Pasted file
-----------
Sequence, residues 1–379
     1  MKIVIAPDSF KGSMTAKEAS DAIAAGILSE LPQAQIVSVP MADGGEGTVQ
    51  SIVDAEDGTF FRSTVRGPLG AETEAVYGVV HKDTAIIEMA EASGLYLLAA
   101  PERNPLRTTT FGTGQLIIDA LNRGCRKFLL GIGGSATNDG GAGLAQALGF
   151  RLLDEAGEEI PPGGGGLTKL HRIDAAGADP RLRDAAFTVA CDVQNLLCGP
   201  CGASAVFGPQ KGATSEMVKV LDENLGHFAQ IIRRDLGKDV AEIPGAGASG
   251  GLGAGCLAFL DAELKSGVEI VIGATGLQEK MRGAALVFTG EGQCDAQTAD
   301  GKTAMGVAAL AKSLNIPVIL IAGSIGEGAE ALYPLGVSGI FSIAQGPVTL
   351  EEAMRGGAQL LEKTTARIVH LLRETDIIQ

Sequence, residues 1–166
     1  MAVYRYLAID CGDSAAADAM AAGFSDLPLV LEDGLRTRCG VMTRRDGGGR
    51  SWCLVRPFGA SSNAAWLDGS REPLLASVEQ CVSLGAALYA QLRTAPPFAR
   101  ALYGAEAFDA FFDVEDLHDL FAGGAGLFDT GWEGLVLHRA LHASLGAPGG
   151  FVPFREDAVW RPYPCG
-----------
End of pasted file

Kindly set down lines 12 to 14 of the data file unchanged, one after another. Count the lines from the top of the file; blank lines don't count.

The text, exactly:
    51  SWCLVRPFGA SSNAAWLDGS REPLLASVEQ CVSLGAALYA QLRTAPPFAR
   101  ALYGAEAFDA FFDVEDLHDL FAGGAGLFDT GWEGLVLHRA LHASLGAPGG
   151  FVPFREDAVW RPYPCG